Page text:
In field service, spreadsheets can cost you customers and profits. I’ve seen it happen, specifically when a business becomes reliant on spreadsheets to manage their field service operation.

So, what’s wrong with spreadsheets?

  1. No native business rule or regulation enforcement. In order to provide consistent and reliable field service, an organization must maintain regulatory compliance when handling transactions. Spreadsheets don’t offer any built-in support to track these requirements. Staff members must maintain calculations, which is time-consuming. Furthermore, simple spreadsheets don’t indicate when a calculation is out of date. Finding the offending issue can be a nightmare.
  2. No audit trail of changes. Any person with access to the network can change every cell in a spreadsheet. Identifying a training issue may be the difference between maintaining a profitable contract and losing it. Business applications, however, are configurable to support module access by group or by user. Changes are tracked so that your customers and your profits are protected.
  3. Significant potential for corruption and data loss. Modern database products, such as SQL, offer significant safeguards to prevent corruption and data loss. Spreadsheets don’t. If there is an issue that survives the preventive measures in a modern database system, data recovery is possible through a step-by-step process. Spreadsheets offer no such protections, and a lot of time can be lost in the reset.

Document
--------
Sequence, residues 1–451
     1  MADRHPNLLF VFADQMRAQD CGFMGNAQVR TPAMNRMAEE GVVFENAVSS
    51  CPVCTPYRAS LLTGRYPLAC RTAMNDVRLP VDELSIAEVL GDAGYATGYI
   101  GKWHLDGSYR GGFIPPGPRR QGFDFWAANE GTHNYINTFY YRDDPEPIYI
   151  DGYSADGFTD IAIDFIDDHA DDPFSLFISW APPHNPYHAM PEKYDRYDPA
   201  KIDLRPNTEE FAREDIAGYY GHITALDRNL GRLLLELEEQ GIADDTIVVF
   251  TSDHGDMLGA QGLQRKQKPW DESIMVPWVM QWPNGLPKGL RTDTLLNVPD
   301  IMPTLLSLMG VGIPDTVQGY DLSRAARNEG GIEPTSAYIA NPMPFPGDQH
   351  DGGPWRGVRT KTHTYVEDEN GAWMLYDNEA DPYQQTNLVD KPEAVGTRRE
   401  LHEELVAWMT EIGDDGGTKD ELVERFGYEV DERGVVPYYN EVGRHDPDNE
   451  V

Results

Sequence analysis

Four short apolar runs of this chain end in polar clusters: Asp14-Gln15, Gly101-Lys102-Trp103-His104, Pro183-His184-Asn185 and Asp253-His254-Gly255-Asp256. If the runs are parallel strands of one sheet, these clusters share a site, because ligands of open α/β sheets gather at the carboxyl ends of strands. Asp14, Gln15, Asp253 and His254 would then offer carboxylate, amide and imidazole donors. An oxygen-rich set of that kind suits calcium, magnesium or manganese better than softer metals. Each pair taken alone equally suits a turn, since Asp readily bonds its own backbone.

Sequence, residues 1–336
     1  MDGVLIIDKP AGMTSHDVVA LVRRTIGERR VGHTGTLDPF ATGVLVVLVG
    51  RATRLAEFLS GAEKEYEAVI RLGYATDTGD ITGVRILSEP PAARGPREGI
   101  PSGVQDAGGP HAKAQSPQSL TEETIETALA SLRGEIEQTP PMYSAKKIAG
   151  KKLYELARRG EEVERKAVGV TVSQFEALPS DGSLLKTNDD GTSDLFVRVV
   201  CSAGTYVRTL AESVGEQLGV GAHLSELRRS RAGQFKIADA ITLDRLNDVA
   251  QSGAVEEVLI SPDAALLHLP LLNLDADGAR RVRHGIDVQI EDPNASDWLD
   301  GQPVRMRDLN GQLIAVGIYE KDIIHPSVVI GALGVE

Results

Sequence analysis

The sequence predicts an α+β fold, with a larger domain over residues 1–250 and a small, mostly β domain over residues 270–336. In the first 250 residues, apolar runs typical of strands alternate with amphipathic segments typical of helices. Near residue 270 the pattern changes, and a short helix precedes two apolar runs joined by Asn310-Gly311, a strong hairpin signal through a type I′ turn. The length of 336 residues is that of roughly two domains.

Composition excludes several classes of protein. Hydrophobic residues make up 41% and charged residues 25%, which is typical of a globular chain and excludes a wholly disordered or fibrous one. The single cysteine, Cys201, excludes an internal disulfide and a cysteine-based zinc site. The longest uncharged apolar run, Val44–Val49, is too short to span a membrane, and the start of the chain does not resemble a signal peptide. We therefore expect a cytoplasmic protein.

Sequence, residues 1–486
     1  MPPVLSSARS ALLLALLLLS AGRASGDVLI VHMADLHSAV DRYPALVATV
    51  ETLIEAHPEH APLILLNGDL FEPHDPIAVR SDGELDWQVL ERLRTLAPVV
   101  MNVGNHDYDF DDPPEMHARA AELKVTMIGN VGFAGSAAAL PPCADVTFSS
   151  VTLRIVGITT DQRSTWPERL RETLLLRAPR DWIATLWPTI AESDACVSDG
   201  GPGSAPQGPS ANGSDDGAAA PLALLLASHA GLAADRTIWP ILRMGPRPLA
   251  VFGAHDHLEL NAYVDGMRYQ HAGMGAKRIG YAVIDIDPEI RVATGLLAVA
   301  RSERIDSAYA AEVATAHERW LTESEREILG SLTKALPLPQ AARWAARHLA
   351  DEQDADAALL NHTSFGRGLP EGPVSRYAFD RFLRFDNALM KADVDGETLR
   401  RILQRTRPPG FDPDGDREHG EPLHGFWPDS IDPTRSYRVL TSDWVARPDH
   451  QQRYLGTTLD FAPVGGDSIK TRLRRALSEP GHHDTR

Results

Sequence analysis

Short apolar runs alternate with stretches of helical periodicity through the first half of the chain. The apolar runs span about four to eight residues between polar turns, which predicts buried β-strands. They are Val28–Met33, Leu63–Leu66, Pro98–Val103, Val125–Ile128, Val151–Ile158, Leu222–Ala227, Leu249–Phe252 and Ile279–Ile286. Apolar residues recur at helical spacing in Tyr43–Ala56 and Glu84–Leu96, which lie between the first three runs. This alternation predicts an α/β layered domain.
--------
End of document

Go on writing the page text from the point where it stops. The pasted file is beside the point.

4. Difficulty navigating complexity. Field service is a complex undertaking. Customers, contracts, warranties, personnel, inventory and payroll appear on every work order. To maintain long-term business value, it’s important to ensure accurate billing data and access to all relevant customer intelligence. Don’t sink valuable time into maintaining spreadsheets. Instead, focus on building customer relationships and on selling new contracts. Let your application handle the data.

If you’re a field service provider using spreadsheets to support your field service, consider converting to a business application to handle the data. In most cases, the conversion cost is more than justified within 18 months.

ABOUT Chris O'Neill

Chris O’Neill is an expert in the area of field service sales and operations. With experience in logistics, medical equipment, commercial electronics, office equipment, technical infrastructure, ERP and SCM, Chris provides his customers and industry partners unparalleled support and guidance on matters of field service delivery and resource management.